For 10 years, Sarah Banks, 37, from Derbyshire, took co-codamol for period pain every month. Then she started to question whether taking the pills “round the clock” for at least the first four days of her period, was an efficient way of dealing with cramps – or a sign she had become dependent on the codeine-based drug. “I would feel woozy and not quite myself – a little spaced out almost,” she recalls.
“Some months I would take them for a few more days than necessary – there was an element of [liking] the sensation, but also a fear that I would be in pain if I didn’t,” she says. “I was worried that I was developing an addiction.”
Banks ditched the drugs five years ago, and now manages her period symptoms through lifestyle changes such as a diet overhaul and new exercise regime. But for women unable to find a different approach that works for their symptoms, popping codeine-based pills every month is often the norm – big brands such as Nurofen Plus, for example, contain the ingredient.
But with data suggesting a rise of codeine addiction in the UK, should women be worrying about our reliance on it for relief from period pain?
Codeine is a form of opioid, which means it is part of the same family as heroin, and works by stopping pain signals from travelling along the nerves to the brain. You can become tolerant to the drug, resulting in people taking higher doses in order to get the same effect or to avoid withdrawal symptoms such as nervous tremors, anxiety, sleep disorders, vomiting and diarrhoea.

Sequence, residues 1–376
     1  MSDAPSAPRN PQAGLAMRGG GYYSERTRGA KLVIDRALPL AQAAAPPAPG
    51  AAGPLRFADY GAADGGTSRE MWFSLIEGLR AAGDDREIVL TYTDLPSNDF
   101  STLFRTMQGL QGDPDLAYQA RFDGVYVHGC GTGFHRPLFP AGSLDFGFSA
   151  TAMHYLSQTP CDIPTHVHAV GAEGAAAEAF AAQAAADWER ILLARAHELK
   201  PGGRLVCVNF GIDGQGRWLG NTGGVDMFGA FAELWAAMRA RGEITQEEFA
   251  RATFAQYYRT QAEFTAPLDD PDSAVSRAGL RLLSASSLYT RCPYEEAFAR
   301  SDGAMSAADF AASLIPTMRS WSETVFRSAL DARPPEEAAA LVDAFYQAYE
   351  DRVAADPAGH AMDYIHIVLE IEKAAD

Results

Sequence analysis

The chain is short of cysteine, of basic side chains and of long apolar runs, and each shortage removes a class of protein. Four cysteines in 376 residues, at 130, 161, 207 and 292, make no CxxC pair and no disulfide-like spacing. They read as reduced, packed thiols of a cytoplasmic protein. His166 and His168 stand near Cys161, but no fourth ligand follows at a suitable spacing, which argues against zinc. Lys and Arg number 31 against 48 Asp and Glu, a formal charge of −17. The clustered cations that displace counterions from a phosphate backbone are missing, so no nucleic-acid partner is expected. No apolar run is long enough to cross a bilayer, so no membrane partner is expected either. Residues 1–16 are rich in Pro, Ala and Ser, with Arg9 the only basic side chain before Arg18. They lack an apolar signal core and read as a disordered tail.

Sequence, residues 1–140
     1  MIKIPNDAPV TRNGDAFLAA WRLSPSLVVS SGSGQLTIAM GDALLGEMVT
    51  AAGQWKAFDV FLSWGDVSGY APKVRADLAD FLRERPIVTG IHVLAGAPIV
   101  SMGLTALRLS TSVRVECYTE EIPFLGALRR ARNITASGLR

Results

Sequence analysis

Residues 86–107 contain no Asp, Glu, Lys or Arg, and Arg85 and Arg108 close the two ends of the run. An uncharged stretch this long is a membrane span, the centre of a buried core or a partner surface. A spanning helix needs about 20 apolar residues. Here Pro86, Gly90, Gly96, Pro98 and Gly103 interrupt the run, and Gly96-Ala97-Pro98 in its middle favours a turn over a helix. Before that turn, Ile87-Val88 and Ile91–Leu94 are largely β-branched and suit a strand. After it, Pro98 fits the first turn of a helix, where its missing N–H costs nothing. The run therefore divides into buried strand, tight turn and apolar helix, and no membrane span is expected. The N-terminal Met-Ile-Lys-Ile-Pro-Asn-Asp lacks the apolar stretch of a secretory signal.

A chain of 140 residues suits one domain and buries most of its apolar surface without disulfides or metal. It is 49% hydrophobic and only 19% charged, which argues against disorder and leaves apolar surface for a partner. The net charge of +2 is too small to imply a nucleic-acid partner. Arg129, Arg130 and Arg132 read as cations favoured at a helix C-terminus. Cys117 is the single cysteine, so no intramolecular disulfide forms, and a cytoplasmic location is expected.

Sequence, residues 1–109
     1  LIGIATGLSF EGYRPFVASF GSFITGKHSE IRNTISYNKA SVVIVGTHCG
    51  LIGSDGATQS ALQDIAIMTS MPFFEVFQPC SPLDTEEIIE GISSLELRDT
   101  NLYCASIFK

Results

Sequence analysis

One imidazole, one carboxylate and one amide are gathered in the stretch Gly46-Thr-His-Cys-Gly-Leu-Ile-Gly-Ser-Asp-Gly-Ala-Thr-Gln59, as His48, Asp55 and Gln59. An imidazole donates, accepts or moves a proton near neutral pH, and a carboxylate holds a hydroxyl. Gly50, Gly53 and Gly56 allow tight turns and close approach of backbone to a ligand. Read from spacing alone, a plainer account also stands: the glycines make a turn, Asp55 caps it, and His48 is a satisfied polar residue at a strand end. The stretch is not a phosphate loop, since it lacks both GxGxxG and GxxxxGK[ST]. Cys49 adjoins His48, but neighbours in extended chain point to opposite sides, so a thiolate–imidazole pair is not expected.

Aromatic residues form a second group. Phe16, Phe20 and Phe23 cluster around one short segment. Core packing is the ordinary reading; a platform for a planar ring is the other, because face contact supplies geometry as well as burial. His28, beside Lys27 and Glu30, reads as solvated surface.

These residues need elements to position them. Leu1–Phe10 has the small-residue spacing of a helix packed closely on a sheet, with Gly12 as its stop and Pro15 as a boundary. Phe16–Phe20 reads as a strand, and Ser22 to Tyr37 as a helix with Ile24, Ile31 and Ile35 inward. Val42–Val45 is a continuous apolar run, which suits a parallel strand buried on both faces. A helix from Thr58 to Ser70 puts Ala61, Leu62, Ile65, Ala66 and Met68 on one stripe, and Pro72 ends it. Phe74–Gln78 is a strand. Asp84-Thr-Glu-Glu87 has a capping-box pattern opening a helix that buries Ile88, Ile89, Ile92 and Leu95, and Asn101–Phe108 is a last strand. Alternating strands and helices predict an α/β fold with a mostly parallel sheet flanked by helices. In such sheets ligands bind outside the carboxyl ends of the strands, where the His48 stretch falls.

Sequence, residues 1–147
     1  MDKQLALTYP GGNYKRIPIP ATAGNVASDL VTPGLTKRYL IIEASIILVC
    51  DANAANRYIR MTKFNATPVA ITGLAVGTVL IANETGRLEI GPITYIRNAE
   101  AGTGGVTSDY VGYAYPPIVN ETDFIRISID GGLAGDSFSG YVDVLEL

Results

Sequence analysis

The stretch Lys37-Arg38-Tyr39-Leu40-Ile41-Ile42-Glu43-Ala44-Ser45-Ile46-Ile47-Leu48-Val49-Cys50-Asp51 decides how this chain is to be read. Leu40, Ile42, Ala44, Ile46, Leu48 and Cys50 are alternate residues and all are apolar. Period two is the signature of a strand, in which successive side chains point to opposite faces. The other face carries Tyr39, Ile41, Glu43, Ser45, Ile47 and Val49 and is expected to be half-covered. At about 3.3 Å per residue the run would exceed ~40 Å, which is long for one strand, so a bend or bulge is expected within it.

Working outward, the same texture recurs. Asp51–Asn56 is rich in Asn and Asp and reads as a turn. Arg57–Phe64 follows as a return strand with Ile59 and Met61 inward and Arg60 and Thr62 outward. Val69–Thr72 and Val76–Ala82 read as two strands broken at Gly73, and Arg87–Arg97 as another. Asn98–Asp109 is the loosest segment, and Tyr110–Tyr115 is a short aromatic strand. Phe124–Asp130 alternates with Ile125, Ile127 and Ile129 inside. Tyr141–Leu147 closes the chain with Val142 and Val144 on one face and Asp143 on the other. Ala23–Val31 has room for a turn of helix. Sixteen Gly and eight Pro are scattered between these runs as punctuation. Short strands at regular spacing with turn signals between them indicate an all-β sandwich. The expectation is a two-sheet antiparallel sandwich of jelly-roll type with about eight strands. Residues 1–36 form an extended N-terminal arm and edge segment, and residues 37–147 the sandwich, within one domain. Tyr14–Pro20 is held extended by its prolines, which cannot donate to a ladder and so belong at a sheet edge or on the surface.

Strong codeine is only available on prescription – a doctor may recommend it to patients with particularly painful periods, such as women with endometriosis – but lower strength codeine is available from pharmacies and is mixed with paracetamol (co-codamol), with aspirin (co-codaprin) or with ibuprofen. It’s often marketed as effective period pain relief.
“Use it in the lowest possible dose.”
Professor Helen Stokes-Lampard, chair of the Royal College of GPs, says for most women, paracetamol and ibuprofen is “usually the most appropriate form of treatment” for period pain. It’s what you should look to first.
But she acknowledges that for some women, menstrual cramps can have a “really detrimental impact on their everyday lives” and they may need stronger painkillers